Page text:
Labor’s broadband spokesperson, Jason Clare, has slammed NBN over revelations the company may overbuild some areas covered by Optus’ HFC network.
Clare cited the move as evidence of the “absolute mess that Malcolm Turnbull has created with his second rate NBN”.
A leaked NBN draft presentation states that the Optus HFC network is not “fully fit for purpose” in all areas and that some 470,000 premises covered by the network may have to be overbuilt by either FTTx technologies or Telstra’s HFC network.
Some Optus equipment is approaching its end of life, Optus HFC nodes are oversubscribed and existing Optus cable modem termination systems don’t have enough capacity for NBN services, the document notes.
Under deals struck with Optus and Telstra, NBN is progressively taking ownership of the telcos’ HFC networks to use them for its revamped “multi-technology mix” (MTM) network.
Overbuilding the HFC network would come at significant cost, ranging from $150 million for extending Telstra’s HFC network through to $600 million if the option of deploying fibre-to-the-premises (FTTP) was chosen.
“Today’s revelation that NBN is considering replacing the Optus HFC network that is supposed to make up a key part of its second rate NBN mean that this cost will blow out again,” Clare said in a statement.
The strategic review of the NBN conducted after the Coalition came to power estimated that an MTM network could be rolled out by 2020 at a substantial discount compared to Labor’s vision of an all-FTTP fixed line network.
The review estimated peak funding for the network at $41 billion. However NBN’s updated corporate plan released earlier this year pegged peak funding for an MTM rollout at $46-$56 billion.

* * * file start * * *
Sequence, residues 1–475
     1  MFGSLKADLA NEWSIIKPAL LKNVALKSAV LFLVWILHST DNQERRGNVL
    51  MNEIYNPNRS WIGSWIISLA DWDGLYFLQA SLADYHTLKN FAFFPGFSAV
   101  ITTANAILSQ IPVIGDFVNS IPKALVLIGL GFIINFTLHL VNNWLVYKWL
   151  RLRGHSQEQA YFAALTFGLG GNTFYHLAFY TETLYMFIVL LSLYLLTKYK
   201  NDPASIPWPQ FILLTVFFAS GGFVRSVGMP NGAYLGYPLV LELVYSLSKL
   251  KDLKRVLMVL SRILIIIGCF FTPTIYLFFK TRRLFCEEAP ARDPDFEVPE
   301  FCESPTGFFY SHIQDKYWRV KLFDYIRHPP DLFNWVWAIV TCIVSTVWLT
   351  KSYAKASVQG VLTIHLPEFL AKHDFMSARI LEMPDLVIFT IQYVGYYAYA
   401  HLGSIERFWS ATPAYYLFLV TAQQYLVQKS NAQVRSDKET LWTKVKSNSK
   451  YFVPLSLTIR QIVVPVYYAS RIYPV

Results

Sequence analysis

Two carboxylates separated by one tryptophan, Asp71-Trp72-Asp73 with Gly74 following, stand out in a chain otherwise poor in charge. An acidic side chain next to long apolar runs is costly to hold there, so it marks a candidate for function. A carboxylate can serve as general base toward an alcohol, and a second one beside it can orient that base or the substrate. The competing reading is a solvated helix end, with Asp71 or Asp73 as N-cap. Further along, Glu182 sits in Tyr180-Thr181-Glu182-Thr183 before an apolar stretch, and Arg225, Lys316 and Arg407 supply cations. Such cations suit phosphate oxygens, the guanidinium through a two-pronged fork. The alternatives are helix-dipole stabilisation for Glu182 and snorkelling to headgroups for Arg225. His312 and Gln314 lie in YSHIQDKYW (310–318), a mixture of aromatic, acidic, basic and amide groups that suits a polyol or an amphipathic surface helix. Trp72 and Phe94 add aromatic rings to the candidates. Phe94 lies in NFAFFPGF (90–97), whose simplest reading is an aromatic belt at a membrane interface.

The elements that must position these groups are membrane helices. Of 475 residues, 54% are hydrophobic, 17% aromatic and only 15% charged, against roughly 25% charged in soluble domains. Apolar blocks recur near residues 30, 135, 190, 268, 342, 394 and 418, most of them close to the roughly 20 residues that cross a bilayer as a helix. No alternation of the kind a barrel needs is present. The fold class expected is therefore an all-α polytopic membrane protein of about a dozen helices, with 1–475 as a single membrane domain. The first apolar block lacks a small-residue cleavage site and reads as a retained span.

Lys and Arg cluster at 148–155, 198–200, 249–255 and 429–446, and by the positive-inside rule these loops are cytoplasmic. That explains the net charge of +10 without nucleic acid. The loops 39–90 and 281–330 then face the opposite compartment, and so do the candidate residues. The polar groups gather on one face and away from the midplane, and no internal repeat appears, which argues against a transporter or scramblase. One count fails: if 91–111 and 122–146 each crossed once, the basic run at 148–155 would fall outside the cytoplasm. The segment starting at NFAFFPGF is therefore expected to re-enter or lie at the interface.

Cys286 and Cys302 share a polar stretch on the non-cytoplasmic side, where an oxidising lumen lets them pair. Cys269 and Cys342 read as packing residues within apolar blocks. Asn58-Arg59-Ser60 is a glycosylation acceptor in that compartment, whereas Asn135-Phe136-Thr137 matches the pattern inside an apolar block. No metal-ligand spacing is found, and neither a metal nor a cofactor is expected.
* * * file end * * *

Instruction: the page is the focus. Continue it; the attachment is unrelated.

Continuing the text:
Update: NBN has released a statement on the document:
On nbn's planning:
Our corporate plan has accounted for the ebbs and flows expected in a project of this scale.
Scenario planning is part of good governance and has been accounted for in the corporate plan released in August.
nbn has met or exceeded all targets over the past 18 months and we remain confident in our long range plan and the various strategies we have in place to manage the risk.
On nbn's progress:
Nearly 1.5 million homes and businesses can now order an nbn service and nearly 700,000 are connected.
On the document in question:
In order to manage risk nbn regularly prepares for multiple scenarios in the network deployment - the document concerned is part of that ongoing approach to risk mitigation.
On the current HFC trial on the OPTUS network:
nbn is conducting an HFC Pilot on the Optus HFC network in Redcliffe, QLD.
The nbn HFC trial in Redcliffe has been built out to 4,500 premises.
We have activated end-users from several of our RSPs.
End-users have been receiving speeds of up to 100Mbps/40Mbps.
nbn has not found any unexpected technical issues with the Optus network in the Redcliffe area.